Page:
By Allison R. Donahue, Michigan Advance
With one day left before ballot initiative signatures must be submitted to either land on the November ballot or get adopted by the Legislature, a recent poll released Tuesday shows most Michigan voters oppose the Let MI Kids Learn initiative.
The group is backed by Betsy DeVos, the former U.S. Education secretary under former President Trump and a West Michigan native who has been a longtime champion for charter schools. The ballot measure would create the Student Opportunity Scholarship program to pay for K-12 public or private school tuition and fees, homeschooling materials and online learning programs for students who have financial need.
The initiative also aims to allow contributions to that scholarship program to be tax deductible.
According to the poll by EPIC-MRA, respondents opposed the Let MI Kids Learn initiative by a margin of 48% to 36%.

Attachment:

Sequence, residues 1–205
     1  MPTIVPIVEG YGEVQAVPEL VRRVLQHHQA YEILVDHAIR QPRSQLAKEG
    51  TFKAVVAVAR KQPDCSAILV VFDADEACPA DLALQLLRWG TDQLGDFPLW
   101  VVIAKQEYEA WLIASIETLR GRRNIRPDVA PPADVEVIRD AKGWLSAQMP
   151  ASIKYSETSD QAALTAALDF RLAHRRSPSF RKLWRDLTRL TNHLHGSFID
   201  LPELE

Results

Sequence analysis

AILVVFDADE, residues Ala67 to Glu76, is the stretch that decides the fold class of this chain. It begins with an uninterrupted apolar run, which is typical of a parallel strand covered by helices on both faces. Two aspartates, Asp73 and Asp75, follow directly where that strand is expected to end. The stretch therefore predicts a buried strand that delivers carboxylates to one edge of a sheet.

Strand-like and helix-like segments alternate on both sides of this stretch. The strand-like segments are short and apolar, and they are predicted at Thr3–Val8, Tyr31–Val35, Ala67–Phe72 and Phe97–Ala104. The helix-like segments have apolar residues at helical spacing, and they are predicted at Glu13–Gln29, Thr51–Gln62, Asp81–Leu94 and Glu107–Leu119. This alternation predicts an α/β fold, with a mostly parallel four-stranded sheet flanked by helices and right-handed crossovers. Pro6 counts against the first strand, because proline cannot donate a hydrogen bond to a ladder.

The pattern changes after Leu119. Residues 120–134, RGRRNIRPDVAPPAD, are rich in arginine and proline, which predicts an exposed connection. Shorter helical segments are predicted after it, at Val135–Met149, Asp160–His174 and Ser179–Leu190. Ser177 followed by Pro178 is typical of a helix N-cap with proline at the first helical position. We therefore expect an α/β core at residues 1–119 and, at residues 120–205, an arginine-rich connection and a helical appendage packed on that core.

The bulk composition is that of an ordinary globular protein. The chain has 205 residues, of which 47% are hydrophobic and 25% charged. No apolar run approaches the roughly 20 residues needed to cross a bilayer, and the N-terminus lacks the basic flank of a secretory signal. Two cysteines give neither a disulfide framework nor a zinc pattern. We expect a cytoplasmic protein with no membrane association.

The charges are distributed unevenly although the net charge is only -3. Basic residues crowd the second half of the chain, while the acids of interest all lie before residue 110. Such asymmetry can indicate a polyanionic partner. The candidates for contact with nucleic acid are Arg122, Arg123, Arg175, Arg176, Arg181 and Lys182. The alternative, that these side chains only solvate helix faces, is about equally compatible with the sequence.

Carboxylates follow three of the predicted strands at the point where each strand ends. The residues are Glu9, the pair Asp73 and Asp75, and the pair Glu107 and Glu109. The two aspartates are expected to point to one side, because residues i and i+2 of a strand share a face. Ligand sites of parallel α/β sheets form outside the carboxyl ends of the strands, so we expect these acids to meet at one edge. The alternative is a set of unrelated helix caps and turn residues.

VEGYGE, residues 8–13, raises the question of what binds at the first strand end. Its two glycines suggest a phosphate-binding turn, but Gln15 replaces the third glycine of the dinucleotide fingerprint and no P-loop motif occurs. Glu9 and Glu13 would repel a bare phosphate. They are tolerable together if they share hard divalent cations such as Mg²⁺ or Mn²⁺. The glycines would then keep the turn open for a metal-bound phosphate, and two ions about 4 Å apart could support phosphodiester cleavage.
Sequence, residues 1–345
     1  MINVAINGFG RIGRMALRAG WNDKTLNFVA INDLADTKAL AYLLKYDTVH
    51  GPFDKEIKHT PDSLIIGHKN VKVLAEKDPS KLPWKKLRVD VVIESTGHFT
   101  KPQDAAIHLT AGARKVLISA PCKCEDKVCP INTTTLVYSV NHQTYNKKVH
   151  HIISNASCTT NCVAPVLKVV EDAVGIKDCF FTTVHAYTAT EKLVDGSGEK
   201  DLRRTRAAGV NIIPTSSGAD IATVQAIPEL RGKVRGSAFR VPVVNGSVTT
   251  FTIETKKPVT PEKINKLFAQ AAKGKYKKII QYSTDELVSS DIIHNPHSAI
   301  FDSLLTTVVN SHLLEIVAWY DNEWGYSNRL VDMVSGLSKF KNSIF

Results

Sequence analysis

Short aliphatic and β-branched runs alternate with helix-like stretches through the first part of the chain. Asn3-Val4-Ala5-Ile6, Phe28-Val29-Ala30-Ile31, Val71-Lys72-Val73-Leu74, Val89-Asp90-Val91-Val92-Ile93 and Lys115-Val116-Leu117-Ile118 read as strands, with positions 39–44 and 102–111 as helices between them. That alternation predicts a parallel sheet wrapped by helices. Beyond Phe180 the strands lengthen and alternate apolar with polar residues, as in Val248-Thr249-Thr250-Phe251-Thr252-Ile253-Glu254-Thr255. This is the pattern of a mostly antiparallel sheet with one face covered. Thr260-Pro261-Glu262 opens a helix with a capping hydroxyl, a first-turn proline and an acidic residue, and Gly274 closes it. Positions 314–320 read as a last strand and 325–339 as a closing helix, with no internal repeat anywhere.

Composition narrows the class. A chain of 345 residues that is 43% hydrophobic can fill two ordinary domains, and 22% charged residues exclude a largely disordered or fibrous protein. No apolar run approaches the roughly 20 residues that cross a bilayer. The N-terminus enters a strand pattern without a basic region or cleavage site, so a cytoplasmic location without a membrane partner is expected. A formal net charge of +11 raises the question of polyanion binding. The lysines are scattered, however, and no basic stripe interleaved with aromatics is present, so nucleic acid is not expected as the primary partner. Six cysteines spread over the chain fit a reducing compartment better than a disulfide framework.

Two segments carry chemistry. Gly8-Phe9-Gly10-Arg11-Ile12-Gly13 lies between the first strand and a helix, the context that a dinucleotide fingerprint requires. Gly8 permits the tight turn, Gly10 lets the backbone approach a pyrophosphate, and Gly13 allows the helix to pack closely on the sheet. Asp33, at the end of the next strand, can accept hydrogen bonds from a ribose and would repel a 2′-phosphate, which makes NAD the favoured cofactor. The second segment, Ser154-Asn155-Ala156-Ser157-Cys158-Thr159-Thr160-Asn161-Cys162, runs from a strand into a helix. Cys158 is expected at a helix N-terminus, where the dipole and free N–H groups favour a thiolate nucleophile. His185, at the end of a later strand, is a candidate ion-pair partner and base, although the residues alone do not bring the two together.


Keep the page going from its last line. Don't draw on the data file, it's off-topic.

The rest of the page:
The Let MI Kids Learn campaign did not respond to a request to comment on the poll results.
One group that opposes the initiative is the Washtenaw Association of Retired School Personnel, which calls it a “devious go-around” of state law that prohibits state dollars to fund private schools.
“Despite the compelling title, LMKL presents a clear and present danger to public school funding in Michigan,” the group of retired educators said in a statement. “Michigan voters have overwhelmingly voted down voucher systems in state-wide referendums.
Petitions to create a new law must submit at least 340,047 valid signatures, 8% of the vote in the last gubernatorial election, by June 1.
Let MI Kids Learn did not respond when asked how many signatures they have collected and will be submitting Wednesday.
“This polling makes it clear: Once Michiganders understand what the Let MI Kids Learn proposal would do to our public schools, they know it’s the wrong choice for our state,” said Lonnie Scott, spokesperson for For MI Kids, For Our Schools. “And even those who aren’t opposed to the proposal itself still think the Legislature should give voters the chance to decide at the polls instead of passing it into law themselves.”